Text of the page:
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  • A Passage to India

  • By: E. M. Forster
  • Narrated by: Sam Dastor
  • Length: 11 hrs and 3 mins
  • Unabridged
  • Overall
    4 out of 5 stars 766
  • Performance
    4.5 out of 5 stars 615
  • Story
    4 out of 5 stars 612

Dr. Aziz is a young Muslim physician in the British Indian town of Chandrapore. One evening he comes across an English woman, Mrs. Moore, in the courtyard of a local mosque; she and her younger travelling companion Adela are disappointed by claustrophobic British colonial culture and wish to see something of the 'real' India. But when Aziz kindly offers to take them on a tour of the Marabar caves with his close friend Cyril Fielding, the trip results in a shocking accusation....

  • 2 out of 5 stars
  • Poor sound quality

  • By Rochelle on 01-02-14

Portrait of an Empire in Decline

Overall
4 out of 5 stars
Performance
5 out of 5 stars
Story
4 out of 5 stars

Reviewed: 03-19-19

I was not terribly enthusiastic about diving into this novel as I had just finished Rudyard Kipling's Kim which also was set in India. But, as it was next on my list from the Modern Library Top 100 and it did provide the perspective from a different era I pushed on despite my misgivings. I am glad I did.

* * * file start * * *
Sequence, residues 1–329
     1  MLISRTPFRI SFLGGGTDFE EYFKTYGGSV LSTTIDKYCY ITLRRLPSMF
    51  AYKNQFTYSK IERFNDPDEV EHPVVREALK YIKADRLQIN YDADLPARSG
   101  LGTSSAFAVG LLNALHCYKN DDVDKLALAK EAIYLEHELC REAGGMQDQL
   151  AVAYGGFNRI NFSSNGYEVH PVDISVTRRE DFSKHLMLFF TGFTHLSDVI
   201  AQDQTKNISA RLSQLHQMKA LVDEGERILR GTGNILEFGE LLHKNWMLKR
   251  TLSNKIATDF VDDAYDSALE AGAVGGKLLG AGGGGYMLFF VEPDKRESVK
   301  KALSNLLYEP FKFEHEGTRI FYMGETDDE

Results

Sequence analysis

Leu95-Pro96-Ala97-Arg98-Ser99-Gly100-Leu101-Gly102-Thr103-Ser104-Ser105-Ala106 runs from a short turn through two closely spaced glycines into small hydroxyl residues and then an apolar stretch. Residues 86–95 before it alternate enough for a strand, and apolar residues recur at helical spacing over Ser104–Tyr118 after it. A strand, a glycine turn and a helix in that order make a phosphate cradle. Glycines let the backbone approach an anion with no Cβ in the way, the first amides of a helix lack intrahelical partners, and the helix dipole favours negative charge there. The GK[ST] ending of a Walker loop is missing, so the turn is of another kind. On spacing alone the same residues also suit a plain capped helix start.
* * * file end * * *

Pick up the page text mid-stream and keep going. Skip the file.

Kim was penned by an author who sincerely loved the British Empire and the important role it played as colonizer of India. Though Kipling loved India he sincerely viewed it as a net plus to its colonies.

Forster takes a wholly different views, seeing the classism and racism endemic in colonization. As Indians make every attempt to be liked and accepted by their English colonizers, the English who find themselves relegated to the an imperial backwater vent their resentment against the masses they are trying to govern. This inevitably leads to conflict.

Originally published in 1924, the novel ultimately reveals the tension and duel disdain and distrust both the English and Indian feel towards each other exacerbated when a respected Muslim Indian doctor finds himself accused and tried for an assault against an English woman. The case finds itself on the forefront of a growing desire for Indian self governance and the desperate intent of England to maintain its hold on the subcontinent. It does prove prophetic as those forces of independence patiently await the time when England no longer has the resources or will to dominate India.

A phenomenal novel and a wonderful preview of what to expect from the other E.M. Forster works on my very long list of future reads.

1 of 1 people found this review helpful

  • Kim

  • By: Rudyard Kipling
  • Narrated by: Madhav Sharma
  • Length: 13 hrs and 19 mins
  • Unabridged
  • Overall
    4.5 out of 5 stars 247
  • Performance
    4.5 out of 5 stars 210
  • Story
    4.5 out of 5 stars 205

Set in the days of the British Raj, Kipling's finest novel is the exciting and touching tale of an Irish orphan-boy who has lived free in the streets of Lahore before setting out, with a Tibetan Lama, on a spiritual quest. Kim later enrols in the Indian Service and simultaneously embarks on an espionage mission of supreme importance.